Ján Čarnogurský in the History Institute

Carnogursky ea 201203-06 035--On 3rd March, 2012, Ján Čarnogurský, a former Prime Minister of Slovakia (1991–1992) and the former chairman of the Christian Democratic Movement (1990–2000) was our guest in the History Institute. In his lecture he spoke about “The birth of Slovakia”, a period and process which he not only lived through but also took an important part in shaping.

He was a co-founder and, since February 1990, the chairman of the Christian Democratic Movement of Slovakia. Since it was Slovakia's second largest party after the Slovak parliamentary election, 1990, Čarnogurský became the vice-prime minister of Slovakia and in June 1990, after the Movement for a Democratic Slovakia split from the Public against Violence (from the party that had won the 1990 elections), Čarnogurský took over the post of the prime minister of Slovakia in April 1991. This period was characterized by debates between Czechs and Slovaks concerning the future of their co-existence. After the 1992 election he was a deputy to the National Council of the Slovak Republic (Slovak parliament) as an opposition member and strong Mečiar opponent from 1992 to 1998. In July 1992 Slovakia declared itself a sovereign state, meaning that its laws took precedence over those of the federal government. In November the federal parliament voted to dissolve the country officially on 31 December 1992. After the 1998 election Čarnogurský was the Minister of Justice of Slovakia from 1998 to 2002. After that he retired from politics.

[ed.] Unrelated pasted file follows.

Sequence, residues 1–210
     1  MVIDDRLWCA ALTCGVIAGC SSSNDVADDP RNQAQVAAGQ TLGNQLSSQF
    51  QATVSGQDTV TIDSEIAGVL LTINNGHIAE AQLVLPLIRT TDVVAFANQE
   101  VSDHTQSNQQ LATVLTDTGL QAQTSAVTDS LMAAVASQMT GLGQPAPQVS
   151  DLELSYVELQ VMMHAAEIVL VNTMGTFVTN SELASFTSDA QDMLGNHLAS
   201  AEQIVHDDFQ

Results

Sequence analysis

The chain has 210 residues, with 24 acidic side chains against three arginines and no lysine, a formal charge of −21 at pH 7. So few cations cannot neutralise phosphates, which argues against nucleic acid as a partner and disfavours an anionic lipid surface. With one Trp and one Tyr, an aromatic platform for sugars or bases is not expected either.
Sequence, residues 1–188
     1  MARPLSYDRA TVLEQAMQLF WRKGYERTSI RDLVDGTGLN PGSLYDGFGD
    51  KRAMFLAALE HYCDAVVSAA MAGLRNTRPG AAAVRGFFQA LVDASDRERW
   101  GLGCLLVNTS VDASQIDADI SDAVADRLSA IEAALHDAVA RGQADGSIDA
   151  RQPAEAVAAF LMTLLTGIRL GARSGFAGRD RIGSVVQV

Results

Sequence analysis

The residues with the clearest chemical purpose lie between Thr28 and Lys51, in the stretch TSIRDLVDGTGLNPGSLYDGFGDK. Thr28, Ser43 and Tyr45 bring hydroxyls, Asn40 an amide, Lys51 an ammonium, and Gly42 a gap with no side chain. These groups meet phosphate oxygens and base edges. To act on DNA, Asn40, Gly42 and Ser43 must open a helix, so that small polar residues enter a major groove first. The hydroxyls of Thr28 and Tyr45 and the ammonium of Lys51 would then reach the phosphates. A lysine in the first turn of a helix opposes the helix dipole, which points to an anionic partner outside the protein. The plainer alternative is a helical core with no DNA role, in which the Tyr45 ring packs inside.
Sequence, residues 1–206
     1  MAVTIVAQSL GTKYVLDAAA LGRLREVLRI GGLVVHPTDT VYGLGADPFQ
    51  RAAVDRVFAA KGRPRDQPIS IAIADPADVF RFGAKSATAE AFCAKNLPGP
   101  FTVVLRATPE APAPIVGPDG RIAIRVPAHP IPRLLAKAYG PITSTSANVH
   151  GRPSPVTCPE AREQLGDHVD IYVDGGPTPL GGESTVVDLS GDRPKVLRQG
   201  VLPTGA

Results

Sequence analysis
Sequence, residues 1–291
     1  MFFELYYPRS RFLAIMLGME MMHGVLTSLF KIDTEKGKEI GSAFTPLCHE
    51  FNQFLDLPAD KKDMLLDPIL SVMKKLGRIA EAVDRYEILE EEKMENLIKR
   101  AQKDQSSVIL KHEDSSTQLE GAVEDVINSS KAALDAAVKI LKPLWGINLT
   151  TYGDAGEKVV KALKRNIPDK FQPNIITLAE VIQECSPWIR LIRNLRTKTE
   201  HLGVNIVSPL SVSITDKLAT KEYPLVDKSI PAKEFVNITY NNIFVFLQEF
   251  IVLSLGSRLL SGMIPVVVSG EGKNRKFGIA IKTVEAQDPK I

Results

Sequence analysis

Now Ján Čarnogurský is the chair of the Board of the European Network Remembrance and Solidarity, which has emerged as an initiative of four countries: Germany, Carnogursky hozzaszolasHungary, Poland and Slovakia aimed at broadening knowledge on Europe’s history in the 20th Century, in particular on totalitarian regimes, its victims and consequences that last until now. ENRS wants to contribute to creation of community of memory which will take into consideration different experiences of nations and countries of Europe. The important thing is that the goal of the ENRS is not creation of equalized and normalized European interpretation of history. Instead, the aim is rather creation of opportunities to compare national images of memory which can complement each other. The Network is expected to help to solve misunderstandings concerning historical questions and will contribute to eradication of stereotypes, building up mutual respect and better understanding among the Europeans.